By EW Staff
Updated March 17, 2020 at 02:50 AM EDT

Making a disturbing, labyrinthine documentary about alleged Long Island pedophiles is not the most logical career move for a man who cofounded Moviefone and cowrote the ”Felicity” theme song. And, to be fair, that’s not what first-time director Andrew Jarecki had in mind before he made ”Capturing the Friedmans,” which won the Documentary Grand Jury Prize at Sundance earlier this year. ”I started out making a movie about children’s birthday-party entertainers in New York City,” he says. ”I thought that would be an interesting little movie.”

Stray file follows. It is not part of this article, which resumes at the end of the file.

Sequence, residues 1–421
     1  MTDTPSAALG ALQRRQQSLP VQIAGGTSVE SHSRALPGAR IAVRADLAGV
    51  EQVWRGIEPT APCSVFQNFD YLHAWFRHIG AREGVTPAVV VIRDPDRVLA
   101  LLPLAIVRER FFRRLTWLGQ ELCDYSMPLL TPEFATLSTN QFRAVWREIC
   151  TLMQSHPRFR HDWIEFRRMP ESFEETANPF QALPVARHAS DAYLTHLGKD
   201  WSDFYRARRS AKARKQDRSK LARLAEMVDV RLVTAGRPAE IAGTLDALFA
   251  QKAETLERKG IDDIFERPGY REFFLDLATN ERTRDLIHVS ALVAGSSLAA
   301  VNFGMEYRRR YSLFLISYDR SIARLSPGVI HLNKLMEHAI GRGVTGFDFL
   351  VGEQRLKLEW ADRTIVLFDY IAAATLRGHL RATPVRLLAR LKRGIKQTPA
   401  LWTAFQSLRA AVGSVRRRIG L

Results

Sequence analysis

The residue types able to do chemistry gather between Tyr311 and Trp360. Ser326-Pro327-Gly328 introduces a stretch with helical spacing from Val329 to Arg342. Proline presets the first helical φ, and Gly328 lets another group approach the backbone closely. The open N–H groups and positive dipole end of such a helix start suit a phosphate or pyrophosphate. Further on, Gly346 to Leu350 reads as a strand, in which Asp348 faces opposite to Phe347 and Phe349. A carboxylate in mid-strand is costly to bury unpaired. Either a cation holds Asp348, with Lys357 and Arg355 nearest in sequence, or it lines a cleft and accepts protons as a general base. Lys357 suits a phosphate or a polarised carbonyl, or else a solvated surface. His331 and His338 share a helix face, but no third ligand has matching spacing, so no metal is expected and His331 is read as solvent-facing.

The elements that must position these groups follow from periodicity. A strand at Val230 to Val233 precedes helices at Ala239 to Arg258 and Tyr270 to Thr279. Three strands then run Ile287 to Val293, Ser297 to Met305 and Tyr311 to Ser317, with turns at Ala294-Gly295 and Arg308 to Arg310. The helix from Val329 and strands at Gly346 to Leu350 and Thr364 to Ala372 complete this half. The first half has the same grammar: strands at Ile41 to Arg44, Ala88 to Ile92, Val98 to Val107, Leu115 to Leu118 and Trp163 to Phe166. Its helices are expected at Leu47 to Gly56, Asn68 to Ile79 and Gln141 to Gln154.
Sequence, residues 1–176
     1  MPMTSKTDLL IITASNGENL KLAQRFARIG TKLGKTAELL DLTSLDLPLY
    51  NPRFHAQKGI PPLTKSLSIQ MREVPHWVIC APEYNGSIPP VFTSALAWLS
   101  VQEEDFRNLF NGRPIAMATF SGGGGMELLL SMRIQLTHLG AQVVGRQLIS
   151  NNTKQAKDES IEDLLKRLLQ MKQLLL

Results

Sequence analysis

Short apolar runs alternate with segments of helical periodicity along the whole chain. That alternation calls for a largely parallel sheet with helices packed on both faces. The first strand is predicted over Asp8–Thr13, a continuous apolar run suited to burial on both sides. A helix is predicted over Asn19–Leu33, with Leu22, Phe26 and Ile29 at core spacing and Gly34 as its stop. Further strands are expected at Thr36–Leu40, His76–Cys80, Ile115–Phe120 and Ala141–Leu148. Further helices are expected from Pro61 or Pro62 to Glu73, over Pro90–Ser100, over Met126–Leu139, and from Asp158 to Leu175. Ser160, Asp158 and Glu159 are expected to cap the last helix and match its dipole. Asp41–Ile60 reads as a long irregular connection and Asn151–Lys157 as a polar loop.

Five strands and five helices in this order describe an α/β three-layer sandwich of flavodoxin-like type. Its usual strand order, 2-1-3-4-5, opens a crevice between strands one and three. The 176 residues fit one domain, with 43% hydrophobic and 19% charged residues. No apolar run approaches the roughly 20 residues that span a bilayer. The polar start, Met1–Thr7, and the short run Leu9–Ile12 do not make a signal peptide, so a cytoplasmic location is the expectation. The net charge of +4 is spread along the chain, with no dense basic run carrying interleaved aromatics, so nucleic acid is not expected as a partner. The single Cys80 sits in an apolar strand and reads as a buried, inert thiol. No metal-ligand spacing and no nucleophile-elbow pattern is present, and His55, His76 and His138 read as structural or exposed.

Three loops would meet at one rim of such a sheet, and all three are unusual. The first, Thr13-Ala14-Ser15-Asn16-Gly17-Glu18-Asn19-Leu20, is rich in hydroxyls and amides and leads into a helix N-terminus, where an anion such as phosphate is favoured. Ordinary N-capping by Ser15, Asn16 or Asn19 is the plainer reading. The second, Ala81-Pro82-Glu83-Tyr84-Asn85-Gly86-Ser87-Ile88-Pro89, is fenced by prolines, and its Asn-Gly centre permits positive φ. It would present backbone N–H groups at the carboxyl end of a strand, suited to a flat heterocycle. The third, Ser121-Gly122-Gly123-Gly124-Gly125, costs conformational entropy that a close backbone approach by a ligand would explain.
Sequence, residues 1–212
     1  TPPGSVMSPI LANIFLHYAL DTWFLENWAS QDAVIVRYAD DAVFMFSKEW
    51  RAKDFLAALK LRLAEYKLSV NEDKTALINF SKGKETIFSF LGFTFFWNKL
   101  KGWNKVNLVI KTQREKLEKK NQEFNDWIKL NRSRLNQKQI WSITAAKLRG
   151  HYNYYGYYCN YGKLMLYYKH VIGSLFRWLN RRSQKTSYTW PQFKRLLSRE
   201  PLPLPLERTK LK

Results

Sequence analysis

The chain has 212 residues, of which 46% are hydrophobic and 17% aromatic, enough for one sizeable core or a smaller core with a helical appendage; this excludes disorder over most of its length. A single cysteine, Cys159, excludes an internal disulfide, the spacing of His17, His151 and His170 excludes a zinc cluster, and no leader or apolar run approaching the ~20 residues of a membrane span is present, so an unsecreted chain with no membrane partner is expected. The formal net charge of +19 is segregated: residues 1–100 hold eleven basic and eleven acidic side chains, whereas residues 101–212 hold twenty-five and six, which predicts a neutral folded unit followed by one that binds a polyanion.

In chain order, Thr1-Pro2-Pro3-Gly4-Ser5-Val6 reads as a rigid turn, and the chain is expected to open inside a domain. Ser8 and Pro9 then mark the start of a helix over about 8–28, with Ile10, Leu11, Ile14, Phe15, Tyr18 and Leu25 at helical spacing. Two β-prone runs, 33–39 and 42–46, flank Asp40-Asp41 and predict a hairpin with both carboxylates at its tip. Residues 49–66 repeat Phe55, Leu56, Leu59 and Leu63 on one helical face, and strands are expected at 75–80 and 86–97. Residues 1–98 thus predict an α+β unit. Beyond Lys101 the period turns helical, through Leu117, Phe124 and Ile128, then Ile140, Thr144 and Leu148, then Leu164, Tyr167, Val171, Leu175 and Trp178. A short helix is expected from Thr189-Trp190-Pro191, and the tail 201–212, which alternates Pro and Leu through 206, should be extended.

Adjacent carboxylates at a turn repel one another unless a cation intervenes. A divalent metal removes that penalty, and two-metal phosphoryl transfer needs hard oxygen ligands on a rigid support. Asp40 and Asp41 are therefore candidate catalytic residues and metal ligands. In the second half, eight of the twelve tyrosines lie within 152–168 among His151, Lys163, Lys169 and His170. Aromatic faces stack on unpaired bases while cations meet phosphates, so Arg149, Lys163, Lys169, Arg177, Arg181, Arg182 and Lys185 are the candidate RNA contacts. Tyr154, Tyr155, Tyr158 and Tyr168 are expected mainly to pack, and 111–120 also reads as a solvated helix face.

But Jarecki was transfixed by the story of one particular clown, David Friedman, whose family had been subject to turmoil and disgrace after his father and brother were accused of sexually abusing young boys. In interviews with family members, victims, prosecutors, and others, Jarecki follows the Friedmans’ story from before the allegations through the criminal trials, interspersing excerpts from family videos — including a contentious Passover seder during dad Arnold’s trial. Through it all, the director keeps the audience guessing: Was this an open-and-shut case of pedophilia or a horrifying example of communal hysteria? Jarecki doesn’t provide an easy answer. ”My opinion about what happened in the case changed so many times,” he says. ”The most important thing with this film is being able to leave with your own opinion.”

Capturing the Friedmans

  • Movie
  • 107 minutes
  • Andrew Jarecki